author = "Maria Punchak and {Mbabazi Kabachelor}, Edith and Michael Ogwal and Esther Nalule and Joyce Nalwoga and Peter Ssenyonga and John Mugamba and Abbas Rattani and Dewan, {Michael C.} and Kulkarni, {Abhaya V.} and Schiff, {Steven J.} and Benjamin Warf",
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The Incidence of Postoperative Seizures Following Treatment of Postinfectious Hydrocephalus in Ugandan Infants : A Post Hoc Comparison of Endoscopic Treatment vs Shunt Placement in a Randomized Controlled Trial. / Punchak, Maria; Mbabazi Kabachelor, Edith; Ogwal, Michael; Nalule, Esther; Nalwoga, Joyce; Ssenyonga, Peter; Mugamba, John; Rattani, Abbas; Dewan, Michael C.; Kulkarni, Abhaya V.; Schiff, Steven J.; Warf, Benjamin.

In: Clinical Neurosurgery, Vol. 85, No. 4, 01.10.2019, p. E714-E721.

Research output: Contribution to journalArticle

TY - JOUR

T1 - The Incidence of Postoperative Seizures Following Treatment of Postinfectious Hydrocephalus in Ugandan Infants

T2 - A Post Hoc Comparison of Endoscopic Treatment vs Shunt Placement in a Randomized Controlled Trial

AU - Punchak, Maria

AU - Mbabazi Kabachelor, Edith

AU - Ogwal, Michael

AU - Nalule, Esther

AU - Nalwoga, Joyce

AU - Ssenyonga, Peter

AU - Mugamba, John

AU - Rattani, Abbas

AU - Dewan, Michael C.

AU - Kulkarni, Abhaya V.

AU - Schiff, Steven J.

AU - Warf, Benjamin

PY - 2019/10/1

Y1 - 2019/10/1

N2 - BACKGROUND: There are currently no published data directly comparing postoperative seizure incidence following endoscopic third ventriculostomy (ETV), with/without choroid plexus cauterization (CPC), to that for ventriculoperitoneal shunt (VPS) placement. OBJECTIVE: To compare postoperative epilepsy incidence for ETV/CPC and VPS in Ugandan infants treated for postinfectious hydrocephalus (PIH). METHODS: We performed an exploratory post hoc analysis of a randomized trial comparing VPS and ETV/CPC in 100 infants (<6 mo old) presenting with PIH. Minimum follow-up was 2 yr. Variables associated with and the incidence of postoperative epilepsy were compared (intention-to-treat) using a bivariate analysis. Time to first seizure was compared using the Kaplan-Meier method, and the relative risk for the 2 treatments was determined using Mantel-Haenszel hazard ratios. RESULTS: Seizure incidence was not related to age (P =. 075), weight (P =. 768), sex (P =. 151), head circumference (P =. 281), time from illness to hydrocephalus onset (P =. 973), or hydrocephalus onset to treatment (P =. 074). Irritability (P =. 027) and vision deficit (P =. 04) were preoperative symptoms associated with postoperative seizures. Ten (10%) patients died, and 20 (20%) developed seizures over the follow-up period. Overall seizure incidence was 9.4 per 100 person-years (9.4 and 9.5 for ETV/CPC and VPS, respectively; P =. 483), with no significant difference in seizure risk between groups (hazard ratio, 1.02; 95% CI: 0.42, 2.45; P =. 966). Mean time to seizure onset was 8.5 mo for ETV/CPC and 11.2 mo for VPS (P =. 464). As-treated, per-protocol, and attributable-intervention analyses yielded similar results. CONCLUSION: Postoperative seizure incidence following treatment of PIH was 20% within 2 yr, regardless of treatment modality.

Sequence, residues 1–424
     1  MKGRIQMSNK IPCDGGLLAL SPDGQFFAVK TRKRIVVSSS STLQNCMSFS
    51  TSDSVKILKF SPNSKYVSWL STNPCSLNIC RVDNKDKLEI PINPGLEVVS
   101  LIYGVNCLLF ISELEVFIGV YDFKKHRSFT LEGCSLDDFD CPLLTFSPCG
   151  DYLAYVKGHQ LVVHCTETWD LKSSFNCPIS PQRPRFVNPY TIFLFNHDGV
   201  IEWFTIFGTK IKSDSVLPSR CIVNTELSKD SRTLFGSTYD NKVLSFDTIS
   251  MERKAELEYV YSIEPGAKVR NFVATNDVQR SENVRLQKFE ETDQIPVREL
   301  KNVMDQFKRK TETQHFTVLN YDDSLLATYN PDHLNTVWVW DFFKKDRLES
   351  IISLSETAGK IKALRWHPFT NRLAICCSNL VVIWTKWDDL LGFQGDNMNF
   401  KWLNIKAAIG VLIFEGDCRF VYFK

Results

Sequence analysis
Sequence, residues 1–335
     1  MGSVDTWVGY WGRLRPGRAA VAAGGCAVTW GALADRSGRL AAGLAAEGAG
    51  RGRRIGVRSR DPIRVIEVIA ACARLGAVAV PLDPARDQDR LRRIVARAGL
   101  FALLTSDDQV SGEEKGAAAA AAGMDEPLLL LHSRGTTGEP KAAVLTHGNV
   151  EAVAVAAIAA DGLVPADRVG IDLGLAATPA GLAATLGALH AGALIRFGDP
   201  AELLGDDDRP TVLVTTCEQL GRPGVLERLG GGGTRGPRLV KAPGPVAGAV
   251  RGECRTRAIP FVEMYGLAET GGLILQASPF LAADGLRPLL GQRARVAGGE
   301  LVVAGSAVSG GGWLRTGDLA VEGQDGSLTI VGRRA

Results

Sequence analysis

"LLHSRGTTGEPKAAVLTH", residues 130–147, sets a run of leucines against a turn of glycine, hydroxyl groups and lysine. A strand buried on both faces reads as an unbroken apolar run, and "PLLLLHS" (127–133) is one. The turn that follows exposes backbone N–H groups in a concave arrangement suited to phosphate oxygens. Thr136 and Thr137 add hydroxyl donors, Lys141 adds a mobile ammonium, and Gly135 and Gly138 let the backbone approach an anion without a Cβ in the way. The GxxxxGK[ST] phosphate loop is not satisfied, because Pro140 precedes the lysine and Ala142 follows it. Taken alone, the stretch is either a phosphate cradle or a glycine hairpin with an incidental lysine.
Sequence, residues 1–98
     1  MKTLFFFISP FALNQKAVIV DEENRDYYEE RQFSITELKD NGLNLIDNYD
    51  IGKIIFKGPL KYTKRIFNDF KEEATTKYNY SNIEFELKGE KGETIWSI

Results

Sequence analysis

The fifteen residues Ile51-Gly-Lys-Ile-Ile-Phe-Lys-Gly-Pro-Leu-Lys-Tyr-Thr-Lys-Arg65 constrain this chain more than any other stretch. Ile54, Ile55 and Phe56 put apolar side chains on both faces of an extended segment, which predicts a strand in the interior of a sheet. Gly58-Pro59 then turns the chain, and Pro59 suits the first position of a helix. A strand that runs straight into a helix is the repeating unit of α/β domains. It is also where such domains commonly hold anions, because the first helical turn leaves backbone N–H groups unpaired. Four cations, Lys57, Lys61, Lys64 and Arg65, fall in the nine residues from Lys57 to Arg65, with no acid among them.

AB - BACKGROUND: There are currently no published data directly comparing postoperative seizure incidence following endoscopic third ventriculostomy (ETV), with/without choroid plexus cauterization (CPC), to that for ventriculoperitoneal shunt (VPS) placement. OBJECTIVE: To compare postoperative epilepsy incidence for ETV/CPC and VPS in Ugandan infants treated for postinfectious hydrocephalus (PIH). METHODS: We performed an exploratory post hoc analysis of a randomized trial comparing VPS and ETV/CPC in 100 infants (<6 mo old) presenting with PIH. Minimum follow-up was 2 yr. Variables associated with and the incidence of postoperative epilepsy were compared (intention-to-treat) using a bivariate analysis. Time to first seizure was compared using the Kaplan-Meier method, and the relative risk for the 2 treatments was determined using Mantel-Haenszel hazard ratios. RESULTS: Seizure incidence was not related to age (P =. 075), weight (P =. 768), sex (P =. 151), head circumference (P =. 281), time from illness to hydrocephalus onset (P =. 973), or hydrocephalus onset to treatment (P =. 074). Irritability (P =. 027) and vision deficit (P =. 04) were preoperative symptoms associated with postoperative seizures. Ten (10%) patients died, and 20 (20%) developed seizures over the follow-up period. Overall seizure incidence was 9.4 per 100 person-years (9.4 and 9.5 for ETV/CPC and VPS, respectively; P =. 483), with no significant difference in seizure risk between groups (hazard ratio, 1.02; 95% CI: 0.42, 2.45; P =. 966). Mean time to seizure onset was 8.5 mo for ETV/CPC and 11.2 mo for VPS (P =. 464). As-treated, per-protocol, and attributable-intervention analyses yielded similar results. CONCLUSION: Postoperative seizure incidence following treatment of PIH was 20% within 2 yr, regardless of treatment modality.